When looking at Figure 5 we could consider the extent to which whether a child suffers depends on what else is available for the child, what men do, and how society in general is organised – and how that also is changing. A child simply at home with their mother can be a very bored child (perhaps with a very lonely and bored mother). The proportion is also low in Indonesia, Japan, New Zealand, Tapia and Zimbabwe (17.8%). It is higher in Iceland and Norway than Zimbabwe. Perhaps we should add these five countries to now form Nordic++?

Not many years ago (in 2008) one prominent educational researcher suggested that the OECD was a ‘… crude, lumbering think-tank of the most wealthy nations, bulldozing over human dignity without pause for thought. Its tracks, crushed into the barren dereliction left behind, spell ‘global free market’’ (Stephen Ball quoted in Dorling, 2015). Interestingly, though, those countries doing best in the free market included the Nordic ones (Figure 6).


Figure 6: Patents claimed per head 2006–2015, verses inequality in 1983, population by area


Another writer, writing more recently, explained: ‘People talk about capitalism as if it were just one thing, but the truth is that we live in a global system of capitalisms plural, with a chunk of ideology in common but considerable differences in local emphasis.’ (John Lanchester, quoted in Dorling, 2023). We are currently in a period where we are better than we used to be at noticing the differences. This may be because those differences between the United States and most of Europe have grown in recent decades, and because most of us who are writing about this are European; and everyone I quote here is male and English. We notice what happens within Europe more, we tend to be myopic. But there are also growing differences between what is happening in the separate states of the United States (see Figure 6 for just one example from many). Everywhere, capitalism is on a different trajectory. It is a change that moves at different speeds at different times in different places – like a series of rocks falling, tumbling or just slowly sliding, down a mountainside, before they all settle at the bottom.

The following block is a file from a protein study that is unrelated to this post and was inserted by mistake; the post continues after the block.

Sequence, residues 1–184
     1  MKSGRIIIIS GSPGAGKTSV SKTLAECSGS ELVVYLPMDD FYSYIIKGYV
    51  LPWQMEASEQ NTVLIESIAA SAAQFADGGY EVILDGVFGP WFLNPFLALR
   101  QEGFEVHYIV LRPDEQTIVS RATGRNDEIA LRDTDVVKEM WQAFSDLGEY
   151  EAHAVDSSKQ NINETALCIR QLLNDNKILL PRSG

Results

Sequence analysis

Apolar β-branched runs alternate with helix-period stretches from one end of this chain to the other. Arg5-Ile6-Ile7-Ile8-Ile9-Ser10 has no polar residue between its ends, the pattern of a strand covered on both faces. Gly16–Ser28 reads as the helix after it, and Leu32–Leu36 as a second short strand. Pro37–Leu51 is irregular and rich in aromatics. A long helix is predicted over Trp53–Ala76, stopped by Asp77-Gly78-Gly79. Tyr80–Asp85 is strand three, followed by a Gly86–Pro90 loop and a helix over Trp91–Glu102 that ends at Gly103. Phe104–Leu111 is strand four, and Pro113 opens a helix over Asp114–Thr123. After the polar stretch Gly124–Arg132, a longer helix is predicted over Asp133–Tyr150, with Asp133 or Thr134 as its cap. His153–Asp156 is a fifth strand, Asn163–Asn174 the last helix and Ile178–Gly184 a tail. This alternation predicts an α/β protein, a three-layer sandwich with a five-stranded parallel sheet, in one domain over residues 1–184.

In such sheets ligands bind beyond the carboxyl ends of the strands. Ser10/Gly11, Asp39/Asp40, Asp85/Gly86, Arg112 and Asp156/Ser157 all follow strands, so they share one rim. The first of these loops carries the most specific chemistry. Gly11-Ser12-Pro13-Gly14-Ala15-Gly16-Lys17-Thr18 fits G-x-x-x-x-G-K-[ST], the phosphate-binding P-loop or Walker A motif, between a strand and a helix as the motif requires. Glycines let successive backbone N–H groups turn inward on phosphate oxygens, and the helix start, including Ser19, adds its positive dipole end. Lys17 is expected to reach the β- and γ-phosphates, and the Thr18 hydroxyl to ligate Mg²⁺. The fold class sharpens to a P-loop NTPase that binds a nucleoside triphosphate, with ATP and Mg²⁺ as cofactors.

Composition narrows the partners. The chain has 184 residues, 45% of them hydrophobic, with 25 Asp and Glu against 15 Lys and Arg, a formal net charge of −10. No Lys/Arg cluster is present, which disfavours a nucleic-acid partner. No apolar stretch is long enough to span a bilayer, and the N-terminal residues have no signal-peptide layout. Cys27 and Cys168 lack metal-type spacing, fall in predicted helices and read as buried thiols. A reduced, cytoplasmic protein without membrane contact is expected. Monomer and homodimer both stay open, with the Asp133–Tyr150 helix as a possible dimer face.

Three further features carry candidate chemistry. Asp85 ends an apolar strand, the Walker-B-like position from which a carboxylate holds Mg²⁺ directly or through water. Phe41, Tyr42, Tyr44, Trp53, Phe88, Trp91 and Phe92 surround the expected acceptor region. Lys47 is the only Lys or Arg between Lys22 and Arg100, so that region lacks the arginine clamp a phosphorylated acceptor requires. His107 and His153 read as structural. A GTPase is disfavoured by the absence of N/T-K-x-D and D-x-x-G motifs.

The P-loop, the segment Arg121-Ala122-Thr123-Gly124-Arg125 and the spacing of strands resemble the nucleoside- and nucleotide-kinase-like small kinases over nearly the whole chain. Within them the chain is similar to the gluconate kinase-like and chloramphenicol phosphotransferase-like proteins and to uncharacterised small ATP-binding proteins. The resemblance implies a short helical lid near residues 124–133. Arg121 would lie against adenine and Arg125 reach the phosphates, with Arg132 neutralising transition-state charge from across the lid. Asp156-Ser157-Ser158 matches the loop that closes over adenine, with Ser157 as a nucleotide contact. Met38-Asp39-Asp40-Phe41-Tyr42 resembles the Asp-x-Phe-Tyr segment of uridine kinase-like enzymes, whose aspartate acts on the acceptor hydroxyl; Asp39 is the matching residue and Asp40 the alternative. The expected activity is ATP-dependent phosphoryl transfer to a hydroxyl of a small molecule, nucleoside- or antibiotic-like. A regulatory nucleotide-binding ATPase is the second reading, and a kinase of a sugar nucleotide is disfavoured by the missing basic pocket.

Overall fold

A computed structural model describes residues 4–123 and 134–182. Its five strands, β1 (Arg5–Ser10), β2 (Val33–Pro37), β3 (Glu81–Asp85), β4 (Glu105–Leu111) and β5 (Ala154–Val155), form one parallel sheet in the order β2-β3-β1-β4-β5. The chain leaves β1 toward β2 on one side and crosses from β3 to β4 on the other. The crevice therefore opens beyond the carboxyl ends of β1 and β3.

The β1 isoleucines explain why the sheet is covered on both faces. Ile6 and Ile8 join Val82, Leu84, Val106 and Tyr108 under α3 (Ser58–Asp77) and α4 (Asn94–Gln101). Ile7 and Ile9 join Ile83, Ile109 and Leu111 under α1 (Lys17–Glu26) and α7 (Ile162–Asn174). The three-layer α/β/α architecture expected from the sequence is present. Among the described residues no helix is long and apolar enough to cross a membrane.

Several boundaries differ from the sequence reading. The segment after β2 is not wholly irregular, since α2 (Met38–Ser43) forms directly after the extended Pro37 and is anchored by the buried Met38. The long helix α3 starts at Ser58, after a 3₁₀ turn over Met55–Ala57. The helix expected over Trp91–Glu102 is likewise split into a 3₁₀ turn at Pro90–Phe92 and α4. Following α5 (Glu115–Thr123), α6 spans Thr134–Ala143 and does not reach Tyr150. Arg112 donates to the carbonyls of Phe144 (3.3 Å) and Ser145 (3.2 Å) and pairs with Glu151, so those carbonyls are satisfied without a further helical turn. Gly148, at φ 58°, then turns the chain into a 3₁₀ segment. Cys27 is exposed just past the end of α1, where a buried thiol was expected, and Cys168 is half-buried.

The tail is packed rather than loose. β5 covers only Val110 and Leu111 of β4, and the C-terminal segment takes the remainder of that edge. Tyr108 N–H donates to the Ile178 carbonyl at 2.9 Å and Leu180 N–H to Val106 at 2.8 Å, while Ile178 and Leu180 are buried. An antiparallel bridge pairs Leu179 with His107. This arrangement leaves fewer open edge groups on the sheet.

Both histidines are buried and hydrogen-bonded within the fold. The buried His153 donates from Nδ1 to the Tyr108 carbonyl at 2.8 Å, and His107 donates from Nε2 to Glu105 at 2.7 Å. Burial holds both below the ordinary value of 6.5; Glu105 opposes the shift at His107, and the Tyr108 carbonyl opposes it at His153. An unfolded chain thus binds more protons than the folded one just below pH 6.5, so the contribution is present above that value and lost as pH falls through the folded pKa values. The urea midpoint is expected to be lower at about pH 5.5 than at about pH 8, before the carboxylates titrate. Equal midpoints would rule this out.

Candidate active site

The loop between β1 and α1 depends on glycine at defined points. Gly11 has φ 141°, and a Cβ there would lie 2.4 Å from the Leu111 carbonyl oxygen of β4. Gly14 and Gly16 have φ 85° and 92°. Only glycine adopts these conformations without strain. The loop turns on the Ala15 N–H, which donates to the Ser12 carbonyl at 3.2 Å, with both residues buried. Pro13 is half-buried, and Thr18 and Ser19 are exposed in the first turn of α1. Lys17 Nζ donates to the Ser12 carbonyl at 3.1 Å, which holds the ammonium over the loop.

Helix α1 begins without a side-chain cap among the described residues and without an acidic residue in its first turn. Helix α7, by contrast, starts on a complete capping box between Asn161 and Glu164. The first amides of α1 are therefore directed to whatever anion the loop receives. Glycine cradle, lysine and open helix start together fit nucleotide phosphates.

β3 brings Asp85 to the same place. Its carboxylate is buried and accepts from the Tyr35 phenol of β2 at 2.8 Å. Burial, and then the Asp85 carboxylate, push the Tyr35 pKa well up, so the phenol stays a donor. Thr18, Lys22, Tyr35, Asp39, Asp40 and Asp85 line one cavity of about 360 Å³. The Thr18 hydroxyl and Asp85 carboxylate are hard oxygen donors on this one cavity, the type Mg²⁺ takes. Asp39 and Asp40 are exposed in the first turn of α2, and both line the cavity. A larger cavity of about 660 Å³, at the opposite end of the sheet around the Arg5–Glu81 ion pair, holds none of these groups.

This volume of the journal that short paper appears in mostly concerns the differences between the five Nordic countries. They are very interesting differences, and they matter. Each country varies so much from the rest that it sometimes feels wrong to group them. However, generalisations are possible. As a rule of thumb, those nearest to the UK tend to be home to folk who are a little more selfish, those further away are more collective and generous in their outlook, but all are so very different to the United States that when types of capitalism came to be defined, they were all lumped together. Just as interesting is how many other countries in the world are now becoming more Nordic in so many ways, or are even more Nordic than some of the Nordic countries!